How you can ensure a smooth data transition (so that no data is lost & there is no break in data tracking)
What is GA4?
Google Analytics 4 is the newest version of Google Analytics, which provides more advanced tracking capabilities and a deeper understanding of user behavior across multiple devices and platforms.
GA4 uses a new data model and event-based tracking and offers more comprehensive insights into user interactions with your website and other digital assets.
On July 1, 2023 Google will sunset Universal Analytics, which is currently the most widely used version of Google Analytics. This means that all websites using Universal Analytics will need to transition to GA4 to continue tracking website activity and user behavior.
We’ve been preparing for this change for quite some time here at Yes& and can help guide you through this process.
Why is Google doing this?
Google is always working to:
- Better track and understand website performance and user behavior. GA4 allows you to track user behavior across multiple devices and platforms, including mobile apps and websites.
- Bring to market cutting edge technology. GA4 uses machine learning to provide more detailed insights into user behavior and identify trends that may not be immediately apparent.
- Integrate with Big Query.
- Manage data privacy in a better way.
What should you do next?
Based on guidance provided directly by Google, here are nine steps to ensure a seamless transition from Universal Analytics to GA4:
- Evaluate your current analytics setup: This is helpful to understanding how your data is currently being collected and used, as well as identifying any potential issues or areas for improvement in your data tracking setup.
- Create a GA4 property: Google Analytics will create one for you in March 2023 if you haven’t done so already. Once a basic setup is done, it will start collecting data in both places, which is helpful for collecting some historical data in GA4.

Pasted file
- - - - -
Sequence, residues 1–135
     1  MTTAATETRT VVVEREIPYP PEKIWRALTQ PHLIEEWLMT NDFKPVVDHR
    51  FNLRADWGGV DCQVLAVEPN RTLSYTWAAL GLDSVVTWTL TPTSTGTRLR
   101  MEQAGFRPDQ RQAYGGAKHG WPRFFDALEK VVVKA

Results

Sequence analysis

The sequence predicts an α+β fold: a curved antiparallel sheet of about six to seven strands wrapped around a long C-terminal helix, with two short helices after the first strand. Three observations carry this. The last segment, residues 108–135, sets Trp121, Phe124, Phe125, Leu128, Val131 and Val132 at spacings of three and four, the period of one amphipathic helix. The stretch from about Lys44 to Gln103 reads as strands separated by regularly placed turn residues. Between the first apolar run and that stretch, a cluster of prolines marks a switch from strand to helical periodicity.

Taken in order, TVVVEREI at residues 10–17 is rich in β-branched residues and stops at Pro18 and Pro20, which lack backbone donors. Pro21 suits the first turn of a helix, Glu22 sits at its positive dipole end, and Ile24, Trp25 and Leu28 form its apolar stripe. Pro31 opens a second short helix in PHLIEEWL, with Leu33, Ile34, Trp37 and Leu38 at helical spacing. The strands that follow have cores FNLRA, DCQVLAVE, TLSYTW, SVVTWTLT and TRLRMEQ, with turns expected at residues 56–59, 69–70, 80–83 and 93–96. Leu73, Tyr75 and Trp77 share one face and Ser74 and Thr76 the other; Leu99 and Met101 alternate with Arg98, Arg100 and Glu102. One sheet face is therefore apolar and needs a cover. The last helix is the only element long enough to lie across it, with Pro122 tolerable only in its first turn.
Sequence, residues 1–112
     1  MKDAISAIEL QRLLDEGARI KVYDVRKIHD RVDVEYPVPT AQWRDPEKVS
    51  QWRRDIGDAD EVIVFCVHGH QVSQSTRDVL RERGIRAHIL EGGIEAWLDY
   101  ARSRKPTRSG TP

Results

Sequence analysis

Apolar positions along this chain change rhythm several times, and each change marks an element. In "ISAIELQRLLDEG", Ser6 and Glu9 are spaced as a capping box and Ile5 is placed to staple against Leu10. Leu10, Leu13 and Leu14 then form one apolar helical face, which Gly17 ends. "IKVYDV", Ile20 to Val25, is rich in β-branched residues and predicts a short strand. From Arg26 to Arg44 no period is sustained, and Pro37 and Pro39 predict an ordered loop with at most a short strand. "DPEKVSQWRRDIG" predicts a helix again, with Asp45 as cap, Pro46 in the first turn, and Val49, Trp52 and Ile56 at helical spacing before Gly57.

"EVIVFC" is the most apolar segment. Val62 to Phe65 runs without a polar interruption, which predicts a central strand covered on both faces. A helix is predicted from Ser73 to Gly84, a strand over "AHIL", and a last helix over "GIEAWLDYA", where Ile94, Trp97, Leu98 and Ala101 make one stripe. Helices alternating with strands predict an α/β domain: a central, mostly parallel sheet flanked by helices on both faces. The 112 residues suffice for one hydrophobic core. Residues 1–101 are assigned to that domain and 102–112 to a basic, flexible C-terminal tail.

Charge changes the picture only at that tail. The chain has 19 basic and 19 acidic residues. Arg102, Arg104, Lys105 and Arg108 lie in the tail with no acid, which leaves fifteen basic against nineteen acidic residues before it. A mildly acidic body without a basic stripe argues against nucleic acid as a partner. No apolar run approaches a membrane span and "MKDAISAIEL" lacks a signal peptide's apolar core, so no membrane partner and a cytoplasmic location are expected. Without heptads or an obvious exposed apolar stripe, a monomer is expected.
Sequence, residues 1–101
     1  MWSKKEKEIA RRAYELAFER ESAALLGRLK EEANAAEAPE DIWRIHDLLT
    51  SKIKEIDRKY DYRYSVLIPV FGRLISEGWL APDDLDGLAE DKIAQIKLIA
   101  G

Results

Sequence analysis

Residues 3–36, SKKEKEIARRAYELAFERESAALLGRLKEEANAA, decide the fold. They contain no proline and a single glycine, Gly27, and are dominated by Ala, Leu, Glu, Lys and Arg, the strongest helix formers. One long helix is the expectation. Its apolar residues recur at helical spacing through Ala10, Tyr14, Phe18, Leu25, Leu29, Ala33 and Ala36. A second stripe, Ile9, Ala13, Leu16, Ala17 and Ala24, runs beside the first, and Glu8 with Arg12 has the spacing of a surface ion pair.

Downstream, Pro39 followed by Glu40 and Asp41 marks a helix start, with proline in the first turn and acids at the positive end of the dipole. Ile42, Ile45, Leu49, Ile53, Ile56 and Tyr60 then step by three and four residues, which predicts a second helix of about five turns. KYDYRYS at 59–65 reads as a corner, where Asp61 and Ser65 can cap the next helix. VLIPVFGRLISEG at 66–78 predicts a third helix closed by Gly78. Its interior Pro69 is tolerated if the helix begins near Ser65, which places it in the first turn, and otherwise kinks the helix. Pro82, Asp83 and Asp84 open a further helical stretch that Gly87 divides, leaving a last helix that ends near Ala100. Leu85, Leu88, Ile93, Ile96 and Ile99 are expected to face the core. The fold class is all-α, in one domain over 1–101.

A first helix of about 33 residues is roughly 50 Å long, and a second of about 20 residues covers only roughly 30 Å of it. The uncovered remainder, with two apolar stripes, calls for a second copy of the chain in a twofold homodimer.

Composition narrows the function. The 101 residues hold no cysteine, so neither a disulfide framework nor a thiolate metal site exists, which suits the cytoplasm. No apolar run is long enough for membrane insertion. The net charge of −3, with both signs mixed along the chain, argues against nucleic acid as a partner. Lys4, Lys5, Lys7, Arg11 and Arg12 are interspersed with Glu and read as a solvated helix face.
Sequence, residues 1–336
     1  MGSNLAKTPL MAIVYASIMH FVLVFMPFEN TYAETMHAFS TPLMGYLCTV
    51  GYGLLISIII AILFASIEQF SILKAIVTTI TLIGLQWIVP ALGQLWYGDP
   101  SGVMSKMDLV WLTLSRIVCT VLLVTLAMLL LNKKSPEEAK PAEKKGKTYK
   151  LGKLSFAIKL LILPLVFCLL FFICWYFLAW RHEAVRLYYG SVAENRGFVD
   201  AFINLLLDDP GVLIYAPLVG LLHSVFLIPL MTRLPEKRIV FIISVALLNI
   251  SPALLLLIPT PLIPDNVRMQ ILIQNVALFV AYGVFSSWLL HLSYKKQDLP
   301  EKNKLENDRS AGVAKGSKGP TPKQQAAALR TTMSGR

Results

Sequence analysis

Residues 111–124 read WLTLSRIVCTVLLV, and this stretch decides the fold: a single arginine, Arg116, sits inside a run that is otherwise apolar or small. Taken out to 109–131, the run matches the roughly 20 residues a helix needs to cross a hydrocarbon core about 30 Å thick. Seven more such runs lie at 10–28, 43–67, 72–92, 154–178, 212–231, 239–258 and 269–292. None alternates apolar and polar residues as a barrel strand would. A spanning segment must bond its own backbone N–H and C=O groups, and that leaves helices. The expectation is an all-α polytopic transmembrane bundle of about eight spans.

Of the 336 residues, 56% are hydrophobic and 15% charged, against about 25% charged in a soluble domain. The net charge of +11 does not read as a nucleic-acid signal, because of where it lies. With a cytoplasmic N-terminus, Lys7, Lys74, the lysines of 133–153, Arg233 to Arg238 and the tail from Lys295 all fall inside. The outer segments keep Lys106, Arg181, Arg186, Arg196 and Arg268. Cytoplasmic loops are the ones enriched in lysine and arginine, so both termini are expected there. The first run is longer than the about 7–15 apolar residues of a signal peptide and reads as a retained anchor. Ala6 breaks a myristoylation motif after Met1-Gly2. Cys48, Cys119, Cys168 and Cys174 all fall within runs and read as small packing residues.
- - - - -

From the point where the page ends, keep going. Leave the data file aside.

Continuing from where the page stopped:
- Set up data streams: Data streams are used to collect data from different sources, such as websites, mobile apps, and other digital assets.
- Configure tracking: In GA4, tracking is based on events rather than pageviews. You will need to configure tracking for each event (i.e., clicks, form submissions, video plays, etc.)
- Migrate data: Once you have everything set up in GA4, you can begin migrating data either using a data migration tool or by manually exporting and then importing the data.
- Set up conversion tracking: You’ll need to set up conversion tracking for each event that represents a goal/conversion on your website.
- Configure custom reports: GA4 offers more flexibility for creating custom reports.
- Train your team: This includes training on setup, configuring tracking, data analysis, and reporting.
- Monitor and optimize: This includes regularly reviewing your data and optimizing as needed.
What happens if you don’t have the staff, skills, or time to get this done on time?
According to Google, organizations should start their transition in March so that GA4 setup is optimized and you start to capture and store historical data appropriately.
If you don’t have the resources to get this done, Yes& can help provide you with a plan, optimize your GA4 setup, decide the best solution for your historical data, or all of the above.
Sign up below to schedule a meeting with a member of our team. Additionally, we are hosting a two-part webinar series to provide participants with an in-depth understanding of the GA4 transition, including why it matters, and what steps you can take to get fully transitioned. Learn more and register for Navigating the GA4 Transition: Part 1.